Pollitt, the renowned scholar of cyber laws opined that electronic or digital evidence is any probative information stored or transmitted in digital form, i.e., stored in computer hard disk, floppy disks, optical disks, handheld devices, emails, memory cards, network services, etc.
Further, Digital evidence as defined by Prashant Mali cyber security expert, is any information of probative value that is stored or transmitted in binary form. Evidence is not confined to that found on computers but may also extend to include evidence on digital devices such as electronic multimedia device or telecommunication.
Electronic evidence is becoming essential form of evidence that must be accurate, authentic and complete in presentation. It must be in consonance with regard to admissibility.
Electronic Evidence and Indian Evidence Act Certain changes were made in Indian Evidence Act, 1872 to grant legal recognition to electronic record and evidence submitted in form of electronic records. These were made to make it more complementary with the changing times. Following are some of the amendments:-
The definition of 'documentary evidence' has been amended to include all documents, including electronic records produced for inspection by the court. Section 3 of the Indian Evidence Act, 1872 defines evidence as under: "Evidence" - Evidence means and includes:- 1) all statements which the court permits or requires to be made before it by witnesses, in relation to matters of fact under inquiry; such statements are called oral evidence; 2) all documents including electronic produced for the inspection of the court. Such documents are called ‘documentary evidence’. In section 34 of the act, the words “Entries in the books of account, including those maintained in an electronic form have been substituted for the words “Entries in the books of account”. In section 35, the words “record or an electronic record” have been substituted for the word “record”, in both the places where it occurs.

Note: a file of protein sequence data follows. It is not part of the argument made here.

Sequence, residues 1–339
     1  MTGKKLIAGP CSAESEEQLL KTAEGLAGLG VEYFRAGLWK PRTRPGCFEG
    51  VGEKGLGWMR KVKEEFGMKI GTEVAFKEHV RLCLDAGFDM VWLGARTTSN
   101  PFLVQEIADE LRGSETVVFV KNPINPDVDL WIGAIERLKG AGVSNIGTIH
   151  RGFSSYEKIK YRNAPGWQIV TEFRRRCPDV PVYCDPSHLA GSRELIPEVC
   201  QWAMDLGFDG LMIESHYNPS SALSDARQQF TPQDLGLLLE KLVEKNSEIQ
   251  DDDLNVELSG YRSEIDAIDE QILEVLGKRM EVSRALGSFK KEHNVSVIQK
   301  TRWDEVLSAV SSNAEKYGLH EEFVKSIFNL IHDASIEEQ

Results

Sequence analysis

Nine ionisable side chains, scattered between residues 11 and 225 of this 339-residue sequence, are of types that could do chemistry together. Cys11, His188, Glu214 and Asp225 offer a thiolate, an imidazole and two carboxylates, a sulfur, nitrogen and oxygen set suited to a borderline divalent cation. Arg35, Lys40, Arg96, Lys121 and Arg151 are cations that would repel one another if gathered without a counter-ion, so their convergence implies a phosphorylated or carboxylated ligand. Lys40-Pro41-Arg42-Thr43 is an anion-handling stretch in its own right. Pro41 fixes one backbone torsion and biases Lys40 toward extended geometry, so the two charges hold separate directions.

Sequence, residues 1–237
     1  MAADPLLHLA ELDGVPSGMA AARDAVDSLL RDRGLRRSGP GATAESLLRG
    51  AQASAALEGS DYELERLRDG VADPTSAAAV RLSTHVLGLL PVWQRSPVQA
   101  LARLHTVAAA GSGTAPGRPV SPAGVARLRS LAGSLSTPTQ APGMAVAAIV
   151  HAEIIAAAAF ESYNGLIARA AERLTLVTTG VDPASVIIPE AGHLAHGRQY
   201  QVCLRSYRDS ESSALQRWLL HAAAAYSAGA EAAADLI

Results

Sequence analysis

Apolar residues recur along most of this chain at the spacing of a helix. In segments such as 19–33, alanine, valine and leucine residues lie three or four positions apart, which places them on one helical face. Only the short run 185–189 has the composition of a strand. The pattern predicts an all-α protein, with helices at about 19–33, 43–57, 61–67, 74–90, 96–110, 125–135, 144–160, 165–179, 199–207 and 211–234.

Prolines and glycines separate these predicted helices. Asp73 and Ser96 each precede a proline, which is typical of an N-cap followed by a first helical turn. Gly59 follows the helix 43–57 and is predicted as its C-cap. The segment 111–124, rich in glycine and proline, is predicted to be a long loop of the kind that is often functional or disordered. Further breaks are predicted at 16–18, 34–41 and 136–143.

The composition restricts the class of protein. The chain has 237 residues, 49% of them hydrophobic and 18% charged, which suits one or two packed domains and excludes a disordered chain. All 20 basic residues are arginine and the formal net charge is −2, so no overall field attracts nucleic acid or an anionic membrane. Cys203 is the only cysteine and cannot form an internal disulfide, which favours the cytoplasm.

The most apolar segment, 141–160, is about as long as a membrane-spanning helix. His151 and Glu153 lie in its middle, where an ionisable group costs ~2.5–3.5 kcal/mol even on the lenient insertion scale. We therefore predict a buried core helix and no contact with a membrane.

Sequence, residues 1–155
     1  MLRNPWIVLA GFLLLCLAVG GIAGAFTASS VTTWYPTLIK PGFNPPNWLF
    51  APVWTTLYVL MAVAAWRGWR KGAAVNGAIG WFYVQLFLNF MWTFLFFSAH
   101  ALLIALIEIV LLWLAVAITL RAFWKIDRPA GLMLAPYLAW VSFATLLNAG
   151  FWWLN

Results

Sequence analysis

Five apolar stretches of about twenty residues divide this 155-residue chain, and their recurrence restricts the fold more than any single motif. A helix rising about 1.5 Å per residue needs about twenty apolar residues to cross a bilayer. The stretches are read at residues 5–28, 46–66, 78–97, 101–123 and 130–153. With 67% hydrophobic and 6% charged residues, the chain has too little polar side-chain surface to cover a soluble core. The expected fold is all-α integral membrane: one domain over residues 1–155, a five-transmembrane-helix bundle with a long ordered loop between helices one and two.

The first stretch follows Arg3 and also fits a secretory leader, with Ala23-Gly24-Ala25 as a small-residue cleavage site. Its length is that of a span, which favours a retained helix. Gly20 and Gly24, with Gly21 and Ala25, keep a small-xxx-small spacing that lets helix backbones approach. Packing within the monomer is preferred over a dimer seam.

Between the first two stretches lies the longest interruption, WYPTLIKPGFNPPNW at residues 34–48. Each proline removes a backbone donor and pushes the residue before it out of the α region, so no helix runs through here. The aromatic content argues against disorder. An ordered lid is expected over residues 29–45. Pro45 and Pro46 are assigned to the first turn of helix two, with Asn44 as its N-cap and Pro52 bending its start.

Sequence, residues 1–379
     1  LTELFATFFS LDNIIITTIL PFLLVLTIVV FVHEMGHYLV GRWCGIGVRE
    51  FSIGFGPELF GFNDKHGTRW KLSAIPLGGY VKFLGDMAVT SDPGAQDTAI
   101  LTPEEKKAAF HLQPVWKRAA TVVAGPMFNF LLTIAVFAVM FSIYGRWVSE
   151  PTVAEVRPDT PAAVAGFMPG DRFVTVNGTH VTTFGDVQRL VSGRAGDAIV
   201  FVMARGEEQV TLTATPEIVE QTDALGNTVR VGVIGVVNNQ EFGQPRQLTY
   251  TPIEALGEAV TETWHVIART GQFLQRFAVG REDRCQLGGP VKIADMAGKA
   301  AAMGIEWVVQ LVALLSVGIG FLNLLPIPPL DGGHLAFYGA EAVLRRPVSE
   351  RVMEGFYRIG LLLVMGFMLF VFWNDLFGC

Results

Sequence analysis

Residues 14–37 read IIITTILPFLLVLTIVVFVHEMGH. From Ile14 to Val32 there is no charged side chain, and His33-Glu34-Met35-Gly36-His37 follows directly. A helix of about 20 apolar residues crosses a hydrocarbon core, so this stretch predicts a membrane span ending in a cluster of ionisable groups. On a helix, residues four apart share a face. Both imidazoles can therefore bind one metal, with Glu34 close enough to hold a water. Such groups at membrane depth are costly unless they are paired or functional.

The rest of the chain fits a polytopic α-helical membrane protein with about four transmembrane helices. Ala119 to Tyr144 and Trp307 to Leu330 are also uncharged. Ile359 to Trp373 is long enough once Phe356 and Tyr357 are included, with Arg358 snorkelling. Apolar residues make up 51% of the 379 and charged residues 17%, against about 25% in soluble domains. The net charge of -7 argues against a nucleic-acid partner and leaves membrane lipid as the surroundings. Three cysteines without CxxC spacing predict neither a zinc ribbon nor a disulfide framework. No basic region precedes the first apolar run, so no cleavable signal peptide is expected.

For section 39, following section has been substituted:-